When last we checked in on Infrastructure Week, Nancy Smash and President Handsome Joe Biden had publicly announced that the bipartisan infrastructure bill would be partnered with a reconciliation bill that would cover the bits that the Republicans hated.
And even though this strategy had been public for weeks, the bad-faith Coup Klux Klan negotiators are suddenly outraged by the infamy of getting what they demanded:
Senate Republicans who negotiated an infrastructure deal with President Joe Biden celebrated Thursday, then woke up angry on Friday.
The five GOP senators who cut a deal with moderate Democrats and the president are frustrated that Biden explicitly tied his signature on a bipartisan infrastructure bill to a separate Democrats-only measure, according to three Republican aides familiar with the dynamics. Biden has long said he wants to push forward both measures together, but Republicans viewed his Thursday comment as openness to vetoing the very same bill he’d just endorsed.
And so of course they are now demanding that Democrats don’t take up the reconciliation bill, you know, in the name of bipartisanship:
That may be for the best, since ONE of the mechanisms to pay for it turns out to be a gift to the fat cats:
The bipartisan infrastructure proposal revealed Thursday has a long list of pay-fors. Among them is something called “asset recycling,” or, as it might otherwise be known, “a fancy way of turning public infrastructure into private infrastructure.”
But how exactly? And how might such an operation help the government fund a $1.2 trillion infrastructure deal? Per research and policy organization In The Public Interest, asset recycling sells off public goods like “roads, water systems, and electric utilities” with the intent of using lease money to fund new infrastructure. Proponents say asset recycling “builds upon itself.”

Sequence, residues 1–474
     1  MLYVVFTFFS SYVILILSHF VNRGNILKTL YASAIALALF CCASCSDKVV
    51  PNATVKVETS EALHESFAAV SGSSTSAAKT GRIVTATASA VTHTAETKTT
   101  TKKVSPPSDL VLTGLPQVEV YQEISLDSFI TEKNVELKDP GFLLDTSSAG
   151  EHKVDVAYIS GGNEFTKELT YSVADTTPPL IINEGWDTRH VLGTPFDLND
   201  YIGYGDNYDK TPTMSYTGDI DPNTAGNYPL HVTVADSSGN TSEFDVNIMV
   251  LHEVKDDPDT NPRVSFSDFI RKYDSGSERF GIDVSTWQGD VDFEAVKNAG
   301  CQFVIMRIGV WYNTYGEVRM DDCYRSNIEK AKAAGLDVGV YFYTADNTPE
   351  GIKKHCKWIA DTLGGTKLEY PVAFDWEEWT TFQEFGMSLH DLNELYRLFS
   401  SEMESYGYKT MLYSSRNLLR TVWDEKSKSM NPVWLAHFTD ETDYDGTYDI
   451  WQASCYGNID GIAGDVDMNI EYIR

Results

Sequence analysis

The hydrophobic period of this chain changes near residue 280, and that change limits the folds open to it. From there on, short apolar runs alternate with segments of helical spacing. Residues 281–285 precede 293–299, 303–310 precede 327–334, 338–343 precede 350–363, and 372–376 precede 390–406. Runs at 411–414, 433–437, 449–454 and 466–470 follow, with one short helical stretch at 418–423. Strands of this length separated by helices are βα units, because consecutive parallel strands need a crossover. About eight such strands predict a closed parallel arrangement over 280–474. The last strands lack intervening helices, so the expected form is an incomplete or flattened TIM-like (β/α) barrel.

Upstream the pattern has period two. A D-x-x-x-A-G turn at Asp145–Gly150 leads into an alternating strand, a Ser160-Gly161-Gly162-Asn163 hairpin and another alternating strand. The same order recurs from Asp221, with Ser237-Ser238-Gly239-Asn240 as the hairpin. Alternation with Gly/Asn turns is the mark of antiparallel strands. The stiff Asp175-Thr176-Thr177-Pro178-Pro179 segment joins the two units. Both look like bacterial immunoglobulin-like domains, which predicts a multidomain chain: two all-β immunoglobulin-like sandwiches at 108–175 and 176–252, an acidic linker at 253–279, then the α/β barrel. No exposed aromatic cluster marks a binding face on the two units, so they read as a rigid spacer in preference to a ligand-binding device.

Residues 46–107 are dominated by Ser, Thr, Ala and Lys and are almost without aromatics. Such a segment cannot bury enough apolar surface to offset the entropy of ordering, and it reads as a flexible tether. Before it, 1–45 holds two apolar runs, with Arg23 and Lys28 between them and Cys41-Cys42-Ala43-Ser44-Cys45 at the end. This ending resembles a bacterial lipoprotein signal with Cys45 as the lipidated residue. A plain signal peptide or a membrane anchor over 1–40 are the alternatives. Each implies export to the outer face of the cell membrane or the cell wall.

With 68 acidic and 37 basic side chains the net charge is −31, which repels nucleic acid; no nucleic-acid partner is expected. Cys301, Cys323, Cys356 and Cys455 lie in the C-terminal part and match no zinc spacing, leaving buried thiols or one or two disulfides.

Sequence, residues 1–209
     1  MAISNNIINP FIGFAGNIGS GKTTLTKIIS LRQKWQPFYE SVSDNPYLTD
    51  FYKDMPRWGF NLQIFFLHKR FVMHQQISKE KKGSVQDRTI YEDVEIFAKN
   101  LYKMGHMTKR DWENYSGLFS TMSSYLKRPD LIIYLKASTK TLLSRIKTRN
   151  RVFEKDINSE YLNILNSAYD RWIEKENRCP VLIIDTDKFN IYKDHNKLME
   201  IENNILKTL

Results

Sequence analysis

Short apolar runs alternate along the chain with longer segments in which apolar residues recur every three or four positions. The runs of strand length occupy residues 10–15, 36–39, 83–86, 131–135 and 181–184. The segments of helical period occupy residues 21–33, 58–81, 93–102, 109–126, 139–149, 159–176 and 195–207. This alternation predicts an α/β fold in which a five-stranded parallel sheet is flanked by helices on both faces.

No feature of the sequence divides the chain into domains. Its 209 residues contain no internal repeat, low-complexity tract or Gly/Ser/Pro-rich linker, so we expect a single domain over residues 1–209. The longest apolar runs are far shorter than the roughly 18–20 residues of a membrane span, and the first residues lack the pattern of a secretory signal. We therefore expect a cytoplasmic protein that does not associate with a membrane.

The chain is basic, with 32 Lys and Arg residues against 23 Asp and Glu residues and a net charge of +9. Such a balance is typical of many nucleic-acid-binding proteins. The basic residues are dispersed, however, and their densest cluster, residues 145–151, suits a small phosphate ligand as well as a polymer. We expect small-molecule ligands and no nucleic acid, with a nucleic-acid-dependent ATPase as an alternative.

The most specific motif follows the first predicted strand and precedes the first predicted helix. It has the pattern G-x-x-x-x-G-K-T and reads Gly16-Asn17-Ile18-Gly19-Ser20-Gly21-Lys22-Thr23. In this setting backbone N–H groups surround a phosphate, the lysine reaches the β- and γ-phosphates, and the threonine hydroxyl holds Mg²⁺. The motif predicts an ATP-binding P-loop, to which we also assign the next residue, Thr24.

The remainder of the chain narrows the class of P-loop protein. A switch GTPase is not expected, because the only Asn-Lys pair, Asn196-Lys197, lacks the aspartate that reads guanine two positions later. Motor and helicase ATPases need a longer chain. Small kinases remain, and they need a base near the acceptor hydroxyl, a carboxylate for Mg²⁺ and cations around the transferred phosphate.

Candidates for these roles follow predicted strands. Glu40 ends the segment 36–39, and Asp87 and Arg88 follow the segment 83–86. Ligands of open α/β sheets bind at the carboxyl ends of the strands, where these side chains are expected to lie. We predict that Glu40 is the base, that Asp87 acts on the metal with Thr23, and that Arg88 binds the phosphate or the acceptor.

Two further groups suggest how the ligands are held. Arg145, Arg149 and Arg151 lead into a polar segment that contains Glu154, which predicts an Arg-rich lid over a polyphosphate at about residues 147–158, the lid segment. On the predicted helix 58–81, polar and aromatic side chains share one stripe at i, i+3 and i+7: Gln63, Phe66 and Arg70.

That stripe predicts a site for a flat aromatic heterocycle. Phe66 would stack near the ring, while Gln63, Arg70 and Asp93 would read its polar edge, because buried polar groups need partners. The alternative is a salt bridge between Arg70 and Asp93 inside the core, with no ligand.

You can ask our friends in Chicago how well privatization worked for them when Da Mayor Richard Daley sold off the public parking meters to a hedge fund.
“Let’s be blunt: Democrats are one vote away from their Senate majority – and with it their ability to pass anything without Republican votes – disappearing. Every day they go without a bill is a risk and this process could easily run into September, October, or beyond if a bill proves difficult to hammer out.”
“As Infrastructure Week turns into Infrastructure Summer and Infrastructure Fall, do Democrats still keep their fragile majorities?”
“That might be the biggest question of all.”
It’s not that the Republicans are being duplicitous, it’s that the Dems are in disarray.